This evening we have two topics to cover in the area of domestic engineering. The first has to do with shopping (for groceries) and the second has to do with dishwashers.
First, and this will be brief, on the shopping for groceries:
You know how each person goes up to the conveyor belt and puts their purchase items down, and perhaps places a plastic stick (provided by the store) behind your items (or if necessary in front as well) in order to separate the items that you are purchasing from those of other shoppers?
Well, you're doin' it wrong!!!!
Or at least, some of you are.
Do NOT spread the purchase items out in a random fashion. Cluster them together. If spread in a random fashion, gaps may form among your purchase items that appear to be implied plastic sticks, which will cause the cashier to stop adding up your groceries at this random point. You will cadet step yourself down to the end of the post-cashier conveyor belt, and load up what you think is the sum of your groceries, and pay the amount you think is the sum of what you need to pay, and there will be this pile of groceries that you have not bought yet. I will have to point out to the cashier that this loaf of white bread, box of Tater Tots, and bottle of soy milk is not mine, and that I'm guessing that these are the purchase items of the person over their still loading up his or her groceries. The cashier will then have to inform you of the status of the wanton purchase items. There will be unnecessary embarrassment, and most importantly, you are taking more than your fair share of the commons.
So you see, when you do this, it is like you are TWO PEOPLE in line instead of the ONE person whom you actually are.
Buying a Dishwasher
We had a dishwasher, it went belly up, so eventually we saved up and bought a new one, and I wanted to tell you how I got the best deal and also, because you are probably doing it wrong, how to use a dishwasher.
Here is how Amanda and I got an excellent deal.
First, we avoided eye contact with salespersons for some time, putting them off each time they approached, until they started to get bored. Finally, one guy came over and said "Hey, we're getting bored here. I don't care if you buy a dishwasher or not. Just talk to me."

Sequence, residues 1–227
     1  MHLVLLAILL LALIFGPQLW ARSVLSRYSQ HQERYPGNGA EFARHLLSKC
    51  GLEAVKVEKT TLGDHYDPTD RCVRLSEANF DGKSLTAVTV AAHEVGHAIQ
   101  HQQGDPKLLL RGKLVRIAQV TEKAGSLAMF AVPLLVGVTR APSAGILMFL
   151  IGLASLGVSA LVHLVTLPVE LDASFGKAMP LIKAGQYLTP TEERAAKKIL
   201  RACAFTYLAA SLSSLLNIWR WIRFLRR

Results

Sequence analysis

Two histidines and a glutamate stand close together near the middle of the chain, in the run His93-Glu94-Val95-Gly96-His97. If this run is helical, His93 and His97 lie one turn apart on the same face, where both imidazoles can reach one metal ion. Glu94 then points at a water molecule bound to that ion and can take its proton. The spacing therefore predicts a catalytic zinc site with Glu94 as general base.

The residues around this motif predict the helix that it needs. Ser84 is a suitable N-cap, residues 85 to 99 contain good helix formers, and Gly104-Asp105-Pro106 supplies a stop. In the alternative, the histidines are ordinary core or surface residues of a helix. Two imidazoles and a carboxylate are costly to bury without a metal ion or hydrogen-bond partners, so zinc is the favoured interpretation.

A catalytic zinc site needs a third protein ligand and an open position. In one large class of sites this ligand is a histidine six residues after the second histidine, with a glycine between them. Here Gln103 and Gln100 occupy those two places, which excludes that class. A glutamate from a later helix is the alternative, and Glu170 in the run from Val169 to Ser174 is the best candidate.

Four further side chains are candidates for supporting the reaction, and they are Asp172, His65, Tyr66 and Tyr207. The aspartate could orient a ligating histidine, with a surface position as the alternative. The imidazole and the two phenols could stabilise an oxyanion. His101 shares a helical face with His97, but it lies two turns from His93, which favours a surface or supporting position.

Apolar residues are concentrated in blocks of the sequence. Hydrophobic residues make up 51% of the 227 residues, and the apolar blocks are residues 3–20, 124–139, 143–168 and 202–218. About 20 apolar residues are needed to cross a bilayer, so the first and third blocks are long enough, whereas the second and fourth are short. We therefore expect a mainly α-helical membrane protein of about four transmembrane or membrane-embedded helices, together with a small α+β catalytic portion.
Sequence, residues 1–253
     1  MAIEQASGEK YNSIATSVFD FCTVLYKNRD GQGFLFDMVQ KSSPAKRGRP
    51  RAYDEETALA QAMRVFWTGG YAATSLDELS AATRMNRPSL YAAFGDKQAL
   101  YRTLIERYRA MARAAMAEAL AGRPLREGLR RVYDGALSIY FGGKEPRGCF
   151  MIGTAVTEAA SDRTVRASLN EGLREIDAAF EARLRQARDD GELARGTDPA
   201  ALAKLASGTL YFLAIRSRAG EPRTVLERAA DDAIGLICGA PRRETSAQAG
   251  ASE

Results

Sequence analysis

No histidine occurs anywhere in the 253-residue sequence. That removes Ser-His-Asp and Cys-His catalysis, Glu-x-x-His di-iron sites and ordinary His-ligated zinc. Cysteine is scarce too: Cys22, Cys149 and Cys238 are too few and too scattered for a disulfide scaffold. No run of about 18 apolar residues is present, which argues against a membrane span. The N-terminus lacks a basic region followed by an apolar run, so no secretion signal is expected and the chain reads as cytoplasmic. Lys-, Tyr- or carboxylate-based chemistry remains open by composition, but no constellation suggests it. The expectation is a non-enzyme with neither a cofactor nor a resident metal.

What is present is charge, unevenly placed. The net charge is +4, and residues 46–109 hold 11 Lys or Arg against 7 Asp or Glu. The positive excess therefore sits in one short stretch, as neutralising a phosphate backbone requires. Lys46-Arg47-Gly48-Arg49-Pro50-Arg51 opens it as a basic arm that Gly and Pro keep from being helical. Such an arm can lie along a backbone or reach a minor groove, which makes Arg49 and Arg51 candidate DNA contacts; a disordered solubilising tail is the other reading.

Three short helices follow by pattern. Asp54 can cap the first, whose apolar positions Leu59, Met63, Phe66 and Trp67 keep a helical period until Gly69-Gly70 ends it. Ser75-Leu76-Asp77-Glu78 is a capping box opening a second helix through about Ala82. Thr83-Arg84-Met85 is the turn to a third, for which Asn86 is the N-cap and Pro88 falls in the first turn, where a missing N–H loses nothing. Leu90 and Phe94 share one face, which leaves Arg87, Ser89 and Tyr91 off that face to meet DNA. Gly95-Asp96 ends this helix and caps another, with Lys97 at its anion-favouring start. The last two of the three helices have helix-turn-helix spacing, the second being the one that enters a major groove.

Good start. So, I said, OK, and asked him a fairly technical question about a particular feature on a particular dishwasher.
(OK, while he's busy explaining, let me mention this: You've got to have already shopped around a bit and you need to have already decided more or less what kind of dishwasher you are going to buy. You've already come to terms with whatever you are going to do or not do regarding a service contract, and so on. In other words, you are ready to buy, you just need the right deal. One thing that helps being ready, emotionally, to buy a replacement dishwasher is going without a working machine for about six weeks.)
OK, so at this point I interrupt the guy (I'm not really listening anyway) and I grab his shoulder, look him in the eye, and say something like this:
"Look. I had an amazing experience once and I want to tell you about it."
"Ah, well, OK...," a little nervous, glancing at Amanda and me.
"One day I was in the market for a dishwasher, see?"
"So I went to this Sears. Not around here. Boston or Philly or someplace, I can't remember exactly, it was before the war." ... I'm speaking in a citified 1930s Nick Danger Private Eye sort of voice ...